Learn how to estimate the size of partitions and when to refactor partitions.
- [Instructor] Now let's turn our attention to estimating data size. We'll first look at some formulas. Once we have a physical model, we can estimate the size of the data we'll be storing. We'll base these estimates on three building blocks, column data, row data and index data. In addition to the data taken up by each column's data type, for example, an integer takes up four bytes, a timestamp takes eight bytes, and a UUID takes 16 bytes, there is overhead associated with columns, rows and indexes.
To determine the storage need for a column, we need to account for the column name, because Cassandra stores column names with data, column value, and this is determined by the data type, and the overhead value, usually 15 bytes, but there could be as many as 23 if a counter field or a TTL is being used. Text or VARCHAR are a little more difficult to estimate because they can vary in size. A good rule of thumb is that the VARCHAR size or text size will be the average length of text that appears in that column, plus one byte for each of those texts or VARCHAR values.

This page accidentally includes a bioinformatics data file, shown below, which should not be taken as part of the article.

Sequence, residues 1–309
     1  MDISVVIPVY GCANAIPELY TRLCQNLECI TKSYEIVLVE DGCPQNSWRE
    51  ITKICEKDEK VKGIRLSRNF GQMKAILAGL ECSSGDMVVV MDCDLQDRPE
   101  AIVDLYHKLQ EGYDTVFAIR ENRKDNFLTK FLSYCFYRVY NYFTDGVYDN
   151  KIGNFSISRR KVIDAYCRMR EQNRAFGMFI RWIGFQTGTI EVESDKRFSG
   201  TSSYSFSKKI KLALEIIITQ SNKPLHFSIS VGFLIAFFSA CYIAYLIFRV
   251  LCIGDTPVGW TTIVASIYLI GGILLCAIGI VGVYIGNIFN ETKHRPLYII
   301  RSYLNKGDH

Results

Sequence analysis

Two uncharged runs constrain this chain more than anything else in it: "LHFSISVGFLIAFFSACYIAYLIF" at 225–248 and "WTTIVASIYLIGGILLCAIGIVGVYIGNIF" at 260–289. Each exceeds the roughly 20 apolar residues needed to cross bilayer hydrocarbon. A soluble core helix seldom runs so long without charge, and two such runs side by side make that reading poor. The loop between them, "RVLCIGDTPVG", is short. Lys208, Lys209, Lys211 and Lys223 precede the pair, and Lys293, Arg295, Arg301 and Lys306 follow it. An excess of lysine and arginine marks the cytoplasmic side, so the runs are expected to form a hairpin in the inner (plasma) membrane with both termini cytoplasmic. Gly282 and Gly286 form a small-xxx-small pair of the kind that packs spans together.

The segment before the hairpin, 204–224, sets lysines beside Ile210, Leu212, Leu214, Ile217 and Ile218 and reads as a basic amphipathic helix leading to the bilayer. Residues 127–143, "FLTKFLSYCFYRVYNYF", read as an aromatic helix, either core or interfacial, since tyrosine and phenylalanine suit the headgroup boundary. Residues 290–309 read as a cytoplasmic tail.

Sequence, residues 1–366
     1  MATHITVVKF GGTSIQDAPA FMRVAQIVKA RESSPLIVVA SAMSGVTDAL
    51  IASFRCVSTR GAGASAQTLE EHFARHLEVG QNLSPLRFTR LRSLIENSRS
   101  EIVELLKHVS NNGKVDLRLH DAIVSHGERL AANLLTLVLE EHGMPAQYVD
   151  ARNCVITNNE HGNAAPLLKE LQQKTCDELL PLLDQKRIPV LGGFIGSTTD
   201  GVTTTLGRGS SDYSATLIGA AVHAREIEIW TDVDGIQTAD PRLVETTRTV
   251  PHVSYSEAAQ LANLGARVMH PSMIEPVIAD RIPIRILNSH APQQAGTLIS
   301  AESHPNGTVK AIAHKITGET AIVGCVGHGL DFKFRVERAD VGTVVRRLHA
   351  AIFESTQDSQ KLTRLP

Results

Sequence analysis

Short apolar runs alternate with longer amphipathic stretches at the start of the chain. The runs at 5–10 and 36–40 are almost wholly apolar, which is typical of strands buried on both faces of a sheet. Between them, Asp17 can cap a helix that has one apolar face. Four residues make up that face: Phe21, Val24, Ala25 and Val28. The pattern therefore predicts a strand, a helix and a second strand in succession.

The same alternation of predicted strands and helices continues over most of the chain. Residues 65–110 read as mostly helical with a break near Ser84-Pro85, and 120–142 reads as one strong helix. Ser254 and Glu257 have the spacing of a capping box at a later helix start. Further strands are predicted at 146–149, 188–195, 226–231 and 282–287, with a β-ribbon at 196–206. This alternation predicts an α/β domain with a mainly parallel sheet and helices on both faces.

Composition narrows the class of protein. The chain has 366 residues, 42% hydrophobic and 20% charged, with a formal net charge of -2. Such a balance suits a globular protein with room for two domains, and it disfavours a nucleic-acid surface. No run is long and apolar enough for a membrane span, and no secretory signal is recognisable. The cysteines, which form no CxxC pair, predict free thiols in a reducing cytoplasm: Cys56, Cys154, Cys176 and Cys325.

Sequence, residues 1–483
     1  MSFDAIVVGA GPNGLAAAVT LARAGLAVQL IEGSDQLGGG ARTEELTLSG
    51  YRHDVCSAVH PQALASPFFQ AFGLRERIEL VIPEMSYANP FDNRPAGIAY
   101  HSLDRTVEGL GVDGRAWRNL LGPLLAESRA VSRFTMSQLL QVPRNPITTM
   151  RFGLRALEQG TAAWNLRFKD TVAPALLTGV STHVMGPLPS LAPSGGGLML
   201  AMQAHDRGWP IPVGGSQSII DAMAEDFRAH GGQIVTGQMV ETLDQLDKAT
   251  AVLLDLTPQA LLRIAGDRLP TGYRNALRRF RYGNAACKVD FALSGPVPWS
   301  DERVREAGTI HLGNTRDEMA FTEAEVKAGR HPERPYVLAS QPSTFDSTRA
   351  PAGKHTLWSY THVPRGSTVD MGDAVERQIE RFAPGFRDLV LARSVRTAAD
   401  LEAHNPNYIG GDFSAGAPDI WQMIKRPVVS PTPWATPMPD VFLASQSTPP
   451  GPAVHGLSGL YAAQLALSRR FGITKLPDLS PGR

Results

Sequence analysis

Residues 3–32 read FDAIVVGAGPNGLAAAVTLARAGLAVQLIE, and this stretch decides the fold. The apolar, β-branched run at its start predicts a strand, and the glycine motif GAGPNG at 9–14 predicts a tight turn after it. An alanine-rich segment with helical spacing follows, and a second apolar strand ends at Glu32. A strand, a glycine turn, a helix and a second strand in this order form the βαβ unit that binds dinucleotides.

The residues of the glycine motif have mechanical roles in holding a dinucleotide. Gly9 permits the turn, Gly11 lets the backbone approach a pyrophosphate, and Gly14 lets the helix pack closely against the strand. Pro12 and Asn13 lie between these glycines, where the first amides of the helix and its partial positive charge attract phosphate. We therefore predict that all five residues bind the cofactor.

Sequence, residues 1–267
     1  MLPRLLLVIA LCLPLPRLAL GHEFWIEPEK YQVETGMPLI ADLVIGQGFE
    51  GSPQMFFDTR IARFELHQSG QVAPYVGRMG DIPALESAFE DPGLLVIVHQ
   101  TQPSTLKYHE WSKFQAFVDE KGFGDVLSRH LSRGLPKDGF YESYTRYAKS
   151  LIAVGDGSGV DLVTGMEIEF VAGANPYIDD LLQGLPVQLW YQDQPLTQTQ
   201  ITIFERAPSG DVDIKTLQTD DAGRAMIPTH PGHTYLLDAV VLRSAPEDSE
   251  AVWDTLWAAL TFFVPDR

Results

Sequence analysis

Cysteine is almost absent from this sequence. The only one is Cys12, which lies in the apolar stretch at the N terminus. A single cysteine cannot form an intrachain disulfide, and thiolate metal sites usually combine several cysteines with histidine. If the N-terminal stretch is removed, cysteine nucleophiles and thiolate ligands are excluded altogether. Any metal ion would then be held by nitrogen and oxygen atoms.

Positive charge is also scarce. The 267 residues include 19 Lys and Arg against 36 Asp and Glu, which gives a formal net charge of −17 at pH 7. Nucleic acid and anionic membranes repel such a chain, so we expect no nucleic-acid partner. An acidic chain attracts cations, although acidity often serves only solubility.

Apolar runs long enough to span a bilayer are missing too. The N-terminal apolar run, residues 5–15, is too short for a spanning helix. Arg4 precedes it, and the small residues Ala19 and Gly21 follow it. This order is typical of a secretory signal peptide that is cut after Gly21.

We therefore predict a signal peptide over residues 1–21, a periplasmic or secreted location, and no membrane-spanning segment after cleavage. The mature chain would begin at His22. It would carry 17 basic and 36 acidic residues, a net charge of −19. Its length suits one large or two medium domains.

For a description of data type sizes and other details about Cassandra data types, see the documentation at the URL on the screen. Determining the row size has its own challenges as well. Not all rows need to store all columns so the size of the row is the sum of the size of the stored columns, plus a bit of space for row overhead. Each row has an overhead of 23 bytes in Cassandra. So, we can sum the stored column size and add 23 bytes to get an estimate of row size.
You can get an upper bound on the row size by assuming all rows will have all columns. This is a worst case scenario from a storage perspective. You can also estimate likely average row size using this formula. We determine the column size based on the data type. We then estimate the percentage of rows that will have column values, and then estimate the number of rows in the table. Now we take those values, and we calculate the expected column storage, which is simply the column size multiplied by the column use percentage.
Expected row storage is the sum of all columns. We also want to add 23 bytes for overhead. And the table size is the expected row storage times the row count. We also want to factor in index size. Each table has to keep an index of the primary key. So the size of the column in the primary key determines the size of the index. Also, each index entry requires 32 bytes of overhead. So those are the building blocks for estimating storage size.
- Cassandra architecture
- Keyspaces, tables, and columns
- Installing Java and Cassandra
- CQL data types
- Designing Cassandra tables
- Tuning tables to optimize queries
- When to use secondary indexes and materialized views
- Physical data modeling and distributing data
- Cassandra architecture and its impact on data modeling